Director Shirley Tannenbaum has gotten impressive results from her Point Park University Conservatory student cast, vitalizing Arthur Miller’s still -gripping play The Crucible. This 1953 classic has always been seen as an indictment of McCarthyism, often called “witch hunting” to imply a kinship with what Miller portrays, dark days in early American history. Certainly the corrosive things which happened among us in the 1950s tarnished our times but this production thoroughly reminds us that Miller’s script is no simple polemic. Tannenbaum and her excellent performers dramatically make clear the culture of that period and place, focusing on characters caught up in the craziness which dominates and poisons a tightly knit community. Miller’s depiction of unbridled religious fanaticism and crowd hysteria surges on the stage. Everyone especially makes the intense second act compellingly relentless.
Miller based his script on actual events in Salem, Massachusetts in 1692, but rather than suggesting a documentary, he dwells on human behavior, while revealing the primitive thinking which gave rise to such an aberration. Some of the characters have the same names as the real people but Miller did not attempt to represent them factually.
John Proctor is at the center of this tale. The good man strayed from his goodness by having an affair with 17 year old Abigail Williams. After breaking it off with Abigail, Proctor confessed his error to his wife Elizabeth. Abigail is one of five girls who, breaking out into paroxysms, claim to be under the spell of the devil and of witches among them. Their accusations are taken seriously by people with power, Deputy Governor Thomas Danforth among them. While attempting to find truth they readily give credence to the idea that there are witches and that the devil has power to dominate souls. Meanwhile Abigail, having been rejected by John, does her utmost to destroy his and Elizabeth’s lives.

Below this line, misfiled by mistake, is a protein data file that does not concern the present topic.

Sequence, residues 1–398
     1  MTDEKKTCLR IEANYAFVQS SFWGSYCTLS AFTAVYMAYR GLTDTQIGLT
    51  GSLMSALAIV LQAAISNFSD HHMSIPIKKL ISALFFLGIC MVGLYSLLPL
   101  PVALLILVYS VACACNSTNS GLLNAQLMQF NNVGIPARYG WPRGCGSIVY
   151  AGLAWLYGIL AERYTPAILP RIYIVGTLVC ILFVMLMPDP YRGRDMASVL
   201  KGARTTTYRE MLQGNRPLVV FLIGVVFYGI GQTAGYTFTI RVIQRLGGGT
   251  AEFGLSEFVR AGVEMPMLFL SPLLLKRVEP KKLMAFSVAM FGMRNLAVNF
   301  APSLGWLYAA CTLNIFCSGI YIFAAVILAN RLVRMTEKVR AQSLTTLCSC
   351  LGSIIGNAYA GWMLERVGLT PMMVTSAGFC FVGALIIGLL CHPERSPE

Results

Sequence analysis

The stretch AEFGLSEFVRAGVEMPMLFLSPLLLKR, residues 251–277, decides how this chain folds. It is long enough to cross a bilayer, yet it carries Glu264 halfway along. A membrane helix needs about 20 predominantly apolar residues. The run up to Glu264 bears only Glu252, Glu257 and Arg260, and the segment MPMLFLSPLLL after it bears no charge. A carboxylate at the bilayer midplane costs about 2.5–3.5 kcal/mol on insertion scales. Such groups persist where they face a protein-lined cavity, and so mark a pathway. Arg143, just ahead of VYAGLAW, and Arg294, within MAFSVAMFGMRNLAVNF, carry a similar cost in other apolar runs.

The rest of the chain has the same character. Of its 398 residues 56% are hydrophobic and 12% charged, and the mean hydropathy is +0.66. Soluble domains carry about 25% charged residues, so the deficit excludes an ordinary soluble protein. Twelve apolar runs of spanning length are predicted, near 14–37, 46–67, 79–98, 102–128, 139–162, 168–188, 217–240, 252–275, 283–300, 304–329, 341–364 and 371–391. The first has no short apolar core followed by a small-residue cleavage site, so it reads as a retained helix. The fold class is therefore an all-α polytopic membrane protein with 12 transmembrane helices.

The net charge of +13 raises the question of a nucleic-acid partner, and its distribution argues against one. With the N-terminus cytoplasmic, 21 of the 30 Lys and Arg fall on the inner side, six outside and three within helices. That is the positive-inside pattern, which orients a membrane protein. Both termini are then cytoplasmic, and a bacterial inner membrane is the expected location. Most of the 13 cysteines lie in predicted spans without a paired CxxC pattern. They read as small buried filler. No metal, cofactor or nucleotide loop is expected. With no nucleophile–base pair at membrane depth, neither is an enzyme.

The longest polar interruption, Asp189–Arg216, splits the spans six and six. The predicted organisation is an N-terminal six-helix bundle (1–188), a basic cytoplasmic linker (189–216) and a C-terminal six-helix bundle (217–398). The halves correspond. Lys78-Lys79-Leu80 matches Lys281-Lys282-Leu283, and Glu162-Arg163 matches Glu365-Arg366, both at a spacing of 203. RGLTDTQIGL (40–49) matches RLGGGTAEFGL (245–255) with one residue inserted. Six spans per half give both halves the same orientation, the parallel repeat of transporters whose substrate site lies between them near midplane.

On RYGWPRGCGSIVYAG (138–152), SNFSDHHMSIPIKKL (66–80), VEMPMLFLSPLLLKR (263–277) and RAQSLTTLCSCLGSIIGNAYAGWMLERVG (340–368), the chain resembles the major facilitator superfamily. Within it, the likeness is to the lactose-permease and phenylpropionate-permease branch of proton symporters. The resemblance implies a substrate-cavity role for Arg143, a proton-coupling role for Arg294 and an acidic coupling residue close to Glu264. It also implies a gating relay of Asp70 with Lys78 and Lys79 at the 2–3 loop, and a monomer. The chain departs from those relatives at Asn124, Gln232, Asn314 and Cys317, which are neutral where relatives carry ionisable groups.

Tannenbaum’s actors become a vivid ensemble, while at the same time well-defined as distinctive individuals. Joe Rittenhouse especially stands out among them as Danforth, making him always authoritative, and totally sincere in his unyielding convictions. Rittenhouse never overdoes it. And Alex Walton’s version of John Proctor remains sturdily convincing while Harrison Buzzatto’s playing of much put-upon townsman Giles Corey likewise leaves a memorable impression.
Tannenbaum has admirably paced many crucial moments, creating intense, suspenseful tension. Joan Markert’s costumes add to solid sense of reality, as does Gianni Downs’ stripped-down set, implying the raw, crude nature of how such people lived. Downs has also added a telling comment, making the walls and colors suggest the fires of hell, as if the place could actually be where the devil rules. Tannenbaum reinforces that with Steve Shapiro’s initial sound design of echoing peals of hollow laughter.
This expert production clearly reminds us that, although the Devil may not exist, evil done in the name of God still thrives all around the world.
Performances of The Crucible continue through Sunday December 16th at Pittsburgh Playhouse, 222 Craft Avenue, Oakland. 412/392-8000 or pittsburghplayhouse.com